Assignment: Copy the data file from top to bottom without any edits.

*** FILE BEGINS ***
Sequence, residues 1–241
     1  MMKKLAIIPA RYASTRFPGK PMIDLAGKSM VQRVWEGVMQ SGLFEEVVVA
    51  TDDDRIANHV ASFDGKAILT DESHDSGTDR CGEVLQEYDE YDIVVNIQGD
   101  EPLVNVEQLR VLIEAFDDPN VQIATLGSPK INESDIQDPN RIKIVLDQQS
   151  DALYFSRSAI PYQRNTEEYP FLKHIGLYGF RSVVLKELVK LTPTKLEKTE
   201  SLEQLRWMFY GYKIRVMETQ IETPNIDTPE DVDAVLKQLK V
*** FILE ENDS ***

Sequence, residues 1–241
     1  MMKKLAIIPA RYASTRFPGK PMIDLAGKSM VQRVWEGVMQ SGLFEEVVVA
    51  TDDDRIANHV ASFDGKAILT DESHDSGTDR CGEVLQEYDE YDIVVNIQGD
   101  EPLVNVEQLR VLIEAFDDPN VQIATLGSPK INESDIQDPN RIKIVLDQQS
   151  DALYFSRSAI PYQRNTEEYP FLKHIGLYGF RSVVLKELVK LTPTKLEKTE
   201  SLEQLRWMFY GYKIRVMETQ IETPNIDTPE DVDAVLKQLK V